In recent years, Kosovo* has struggled with a number of internal political crises, which have hindered the reform agenda and democratic consolidation. Following the 2019 general election, Kosovo went through its first true democratic transition of power, raising expectations that corruption will be addressed and the economy revived. Unfortunately, however, Kosovo is facing yet another constitutional crisis amid the outbreak of the Covid-19 pandemic.
Both the internal dynamics as well as Kosovo’s relations with Serbia will be crucial in determining how Kosovo moves on to consolidate its democracy. Corruption, cronyism, political clientelism characterise Kosovo’s political system, in which power continues to be held by informal structures of strong political leaders. While civil society is free and vibrant, it is also subject to ongoing pressure from the authorities. The media landscape is relatively free and even oversaturated, but the quality of reporting remains poor.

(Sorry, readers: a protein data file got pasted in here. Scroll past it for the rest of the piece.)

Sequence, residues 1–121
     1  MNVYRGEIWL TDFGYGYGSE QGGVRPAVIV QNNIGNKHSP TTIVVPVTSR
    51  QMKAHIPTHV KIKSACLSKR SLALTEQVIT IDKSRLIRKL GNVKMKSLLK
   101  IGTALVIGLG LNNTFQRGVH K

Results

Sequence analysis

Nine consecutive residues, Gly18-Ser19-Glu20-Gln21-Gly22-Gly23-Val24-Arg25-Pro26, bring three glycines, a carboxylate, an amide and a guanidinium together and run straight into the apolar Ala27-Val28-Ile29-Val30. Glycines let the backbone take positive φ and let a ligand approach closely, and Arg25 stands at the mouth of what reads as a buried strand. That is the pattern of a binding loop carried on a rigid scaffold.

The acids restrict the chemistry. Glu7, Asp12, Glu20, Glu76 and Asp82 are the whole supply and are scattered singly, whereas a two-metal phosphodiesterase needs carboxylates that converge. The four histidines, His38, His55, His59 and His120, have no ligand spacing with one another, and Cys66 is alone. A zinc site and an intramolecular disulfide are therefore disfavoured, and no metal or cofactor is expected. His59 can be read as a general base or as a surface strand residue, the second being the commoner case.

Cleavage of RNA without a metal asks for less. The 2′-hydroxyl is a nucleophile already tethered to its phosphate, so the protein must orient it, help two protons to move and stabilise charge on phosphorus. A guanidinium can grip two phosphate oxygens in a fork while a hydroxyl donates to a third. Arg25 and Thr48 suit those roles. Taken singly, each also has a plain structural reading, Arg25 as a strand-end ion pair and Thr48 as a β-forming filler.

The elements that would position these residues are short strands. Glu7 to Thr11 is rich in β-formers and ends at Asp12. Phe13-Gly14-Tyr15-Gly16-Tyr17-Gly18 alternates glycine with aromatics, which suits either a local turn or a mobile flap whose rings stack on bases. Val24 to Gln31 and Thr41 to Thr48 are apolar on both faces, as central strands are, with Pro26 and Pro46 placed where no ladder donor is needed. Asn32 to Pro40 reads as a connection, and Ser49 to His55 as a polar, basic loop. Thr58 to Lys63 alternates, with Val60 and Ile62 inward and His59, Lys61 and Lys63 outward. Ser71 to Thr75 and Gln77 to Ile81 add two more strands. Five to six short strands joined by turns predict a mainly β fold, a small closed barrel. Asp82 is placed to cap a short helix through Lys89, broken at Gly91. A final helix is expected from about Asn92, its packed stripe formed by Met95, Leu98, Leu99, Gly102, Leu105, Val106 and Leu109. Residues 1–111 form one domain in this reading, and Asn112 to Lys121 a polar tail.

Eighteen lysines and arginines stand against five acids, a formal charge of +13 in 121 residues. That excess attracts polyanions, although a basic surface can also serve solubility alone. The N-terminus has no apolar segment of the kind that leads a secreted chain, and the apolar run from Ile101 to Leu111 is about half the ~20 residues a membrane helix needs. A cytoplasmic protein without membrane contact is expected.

EED approach and added value
- Provide support to emerging civic actors, particularly grassroots organisations
- Support politically sensitive actors and actions
- Support independent media
- Support youth activism
Examples of supported initiatives
- Innovative media platforms and products
- Independent bloggers and activists
- Local organisations working on bridging the Albanian and Serb commun
* All references to Kosovo on this website should be understood without prejudice to positions on status, and in line with the United Nations Security Council resolution 1244 (1999) and the ICJ Opinion on the Kosovo status of independence.